When one hears that Seth Rogen is starring in a new bromance comedy, one doesn’t necessarily expect the next sentence to be, “It’s about cancer.” In 50/50, Seth Rogen plays Kyle, the dutiful best friend of Adam (Joseph Gordon Levitt), who has just learned that he has a malignant spine tumor and a 50 percent chance of survival.
Despite the bleak subject matter, which perfectly matches the bleak Seattle weather in the film, 50/50 is a very funny movie. The very first scene elicits a chuckle from the audience as we see a slightly pale, but healthy looking Joseph Gordon Levitt refuse to jay walk across an empty street as other pedestrians pass him. The audience then meets Rachel (Bryce Dallas Howard), Adam’s cold and withholding girlfriend, and Kyle, who provides the majority of the comic relief, through jokes about Joseph Gordon Levitt’s baldness and Rachel.
Adam is careful to the point of ridiculousness. He doesn’t drive, because he says that car accidents are the fifth leading cause of death. When he finds out that he has an unpronounceable cancer in the first fifteen minutes of the movie, he says, “But I don’t smoke, I don’t drink, I recycle.” There are moments, especially toward the end of the film, that are heart wrenching. But these moments are scattered between humorous ones. To mirror the scene in which Adam walks through the cold, unfriendly hospital hallway to his first chemotherapy session is the scene in which he walks back through the hallway, high from pot macaroons that the old men in his chemo session gave him.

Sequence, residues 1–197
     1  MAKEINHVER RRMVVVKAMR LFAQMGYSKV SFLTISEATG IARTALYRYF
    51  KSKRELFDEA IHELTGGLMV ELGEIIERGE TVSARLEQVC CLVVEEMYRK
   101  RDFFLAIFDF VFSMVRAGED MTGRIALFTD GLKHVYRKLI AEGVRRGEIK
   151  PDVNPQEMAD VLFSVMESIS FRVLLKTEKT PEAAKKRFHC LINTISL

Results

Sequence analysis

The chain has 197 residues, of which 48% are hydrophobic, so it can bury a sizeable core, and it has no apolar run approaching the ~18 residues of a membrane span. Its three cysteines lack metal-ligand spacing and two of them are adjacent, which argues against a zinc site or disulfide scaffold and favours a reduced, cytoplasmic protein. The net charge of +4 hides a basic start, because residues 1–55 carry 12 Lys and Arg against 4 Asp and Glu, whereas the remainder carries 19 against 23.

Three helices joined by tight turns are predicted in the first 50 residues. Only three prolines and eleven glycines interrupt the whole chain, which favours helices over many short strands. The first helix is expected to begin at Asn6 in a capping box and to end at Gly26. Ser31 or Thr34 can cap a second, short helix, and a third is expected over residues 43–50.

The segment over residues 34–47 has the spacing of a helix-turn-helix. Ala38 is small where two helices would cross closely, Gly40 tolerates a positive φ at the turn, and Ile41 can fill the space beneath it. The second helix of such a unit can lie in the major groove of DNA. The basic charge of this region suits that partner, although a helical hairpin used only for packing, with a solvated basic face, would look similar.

Each and every actor in 50/50 delivers a stellar performance. Anjelica Huston, who plays Adam’s overbearing mother, joins Rogen and the rest of the cast in making 50/50 both touching and hilarious. Anna Kendrick, nominated for an Oscar for her role in Up in the Air, again exhibits her superb talent in 50/50 as Adam’s therapist, Katherine. Katherine is only twenty-four and in the midst of getting her doctorate, and isn’t quite sure what to tell Adam, who is only her third patient ever. Kendrick makes the audience empathize and eventually fall in love with her character.
But Gordon Levitt in particular deserves praise for wonderfully accomplishing the difficult task of portraying a dying twenty-seven-year-old. He is never cheesy or over dramatic, revealing his emotions through snide remarks to his mother and the occasional snipe at his therapist. Overall, Gordon Levitt is solemn, but not depressing — he is able to laugh at himself and at Kyle.
The film is based on a true story about a friend of Seth Rogen’s, Will Reiser, who wrote the film. Rogen explained in an interview on The Daily Show last week, that the reason they made 50/50 was because he and his friends felt like no movie existed that expressed what they had gone through. The filmmakers definitely succeeded in creating something unprecedented. They told a story that needed to be told, and ensured that the audience would leave the theater smiling with the knowledge that life goes on.
Besides dragging a little in the middle and one bit of unnecessary dialogue, 50/50 is perfect. Not only did the actors give award-worthy performances, but the soundtrack and the cinematography were both phenomenal — 50/50 does a fantastic job of fully taking advantage of film’s ability to synthesize sound and images, which so many films don’t do.
50/50 is the kind of movie that restores one’s faith in the film industry. It is immensely comforting to know that, even while the Final Destination franchise continues to exist, carefully crafted original stories are still making it on screen. If you’re wondering what movies to check out during Fall Break, 50/50 is absolutely worth your time.